The title is one of the favorite and oft-repeated sayings of Prof. Scott Sumner of The Money Illusion and EconLog. Yet, it bears repeating for many financial journalists and even economists too often ignore it with predictably confused results.
All the events which may occur in the market for any good or services fall into one of four categories. Each of these categories affect price, quantity, and volume of trade in (usually) predictable ways which can be summarized in this handy chart:
|Category||Effect on Price||Effect on Quantity||Effect on Volume|
|Increase in Supply||↓||↑||↓ ↑|
|Decrease in Supply||↑||↓||↓ ↑|
|Increase in Demand||↑||↑||↑|
|Decrease in Demand||↓||↓||↓|
The most important fact about this table is not that the effect of supply changes on volume of trade is in general unpredictable (though that is worth remembering), but that the direction of the price and quantity arrows are in general completely unrelated. In other words, an increase (decrease) in price is equally compatible with an increase and a decrease in quantity (and vice versa). How these two arrows relate depends purely on the nature of the underlying event.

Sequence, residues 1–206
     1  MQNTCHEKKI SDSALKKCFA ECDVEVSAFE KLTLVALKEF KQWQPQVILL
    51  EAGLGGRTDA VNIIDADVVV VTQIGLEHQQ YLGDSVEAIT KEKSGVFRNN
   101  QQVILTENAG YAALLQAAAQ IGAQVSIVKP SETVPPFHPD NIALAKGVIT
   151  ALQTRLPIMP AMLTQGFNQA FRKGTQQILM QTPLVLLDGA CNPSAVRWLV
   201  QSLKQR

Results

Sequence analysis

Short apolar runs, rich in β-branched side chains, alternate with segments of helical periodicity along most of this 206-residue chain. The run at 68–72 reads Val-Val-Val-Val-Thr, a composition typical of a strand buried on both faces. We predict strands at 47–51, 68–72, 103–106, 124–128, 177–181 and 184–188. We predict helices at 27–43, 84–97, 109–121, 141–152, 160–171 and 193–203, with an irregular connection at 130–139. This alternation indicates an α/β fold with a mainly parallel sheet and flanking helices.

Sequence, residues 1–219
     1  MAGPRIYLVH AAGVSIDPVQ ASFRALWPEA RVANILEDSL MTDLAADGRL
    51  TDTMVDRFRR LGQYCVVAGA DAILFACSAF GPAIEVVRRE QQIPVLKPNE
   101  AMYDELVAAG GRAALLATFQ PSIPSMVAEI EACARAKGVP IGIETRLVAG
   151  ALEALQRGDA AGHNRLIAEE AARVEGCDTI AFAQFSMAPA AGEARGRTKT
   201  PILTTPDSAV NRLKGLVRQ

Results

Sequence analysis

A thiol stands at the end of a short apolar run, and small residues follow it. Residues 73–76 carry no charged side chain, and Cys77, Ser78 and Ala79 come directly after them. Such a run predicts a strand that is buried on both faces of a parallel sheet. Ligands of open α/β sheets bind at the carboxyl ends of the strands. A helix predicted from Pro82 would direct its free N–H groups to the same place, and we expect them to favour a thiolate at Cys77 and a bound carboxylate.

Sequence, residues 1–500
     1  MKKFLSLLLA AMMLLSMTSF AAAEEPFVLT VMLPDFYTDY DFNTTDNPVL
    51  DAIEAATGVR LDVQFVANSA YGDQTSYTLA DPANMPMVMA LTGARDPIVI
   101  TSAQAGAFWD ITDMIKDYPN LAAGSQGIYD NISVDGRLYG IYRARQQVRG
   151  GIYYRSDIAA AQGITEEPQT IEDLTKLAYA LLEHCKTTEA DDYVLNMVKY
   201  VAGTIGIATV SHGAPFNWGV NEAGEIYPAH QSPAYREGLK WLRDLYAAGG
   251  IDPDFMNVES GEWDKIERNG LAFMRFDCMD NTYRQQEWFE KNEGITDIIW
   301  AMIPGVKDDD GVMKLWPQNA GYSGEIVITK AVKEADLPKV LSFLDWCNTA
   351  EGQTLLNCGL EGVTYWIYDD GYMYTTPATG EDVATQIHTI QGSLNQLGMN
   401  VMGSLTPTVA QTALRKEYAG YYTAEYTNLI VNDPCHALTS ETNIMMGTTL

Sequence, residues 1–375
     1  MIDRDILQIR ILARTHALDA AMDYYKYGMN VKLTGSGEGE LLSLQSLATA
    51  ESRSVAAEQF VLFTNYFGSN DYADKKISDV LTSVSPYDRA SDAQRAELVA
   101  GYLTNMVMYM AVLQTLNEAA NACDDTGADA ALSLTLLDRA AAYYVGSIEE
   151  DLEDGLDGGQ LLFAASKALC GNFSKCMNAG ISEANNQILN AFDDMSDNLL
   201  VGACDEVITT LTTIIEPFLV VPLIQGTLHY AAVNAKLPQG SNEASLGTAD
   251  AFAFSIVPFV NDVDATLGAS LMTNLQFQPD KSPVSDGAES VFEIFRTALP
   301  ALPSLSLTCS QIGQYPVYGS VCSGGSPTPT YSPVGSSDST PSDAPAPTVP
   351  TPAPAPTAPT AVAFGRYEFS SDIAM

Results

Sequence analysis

So when a commentator points to the
strange fact that, for example, oil consumption went up even as prices increased, he exposes nothing dysfunctional about the market, but only his ignorance of the underlying causes, basic microeconomics, or both.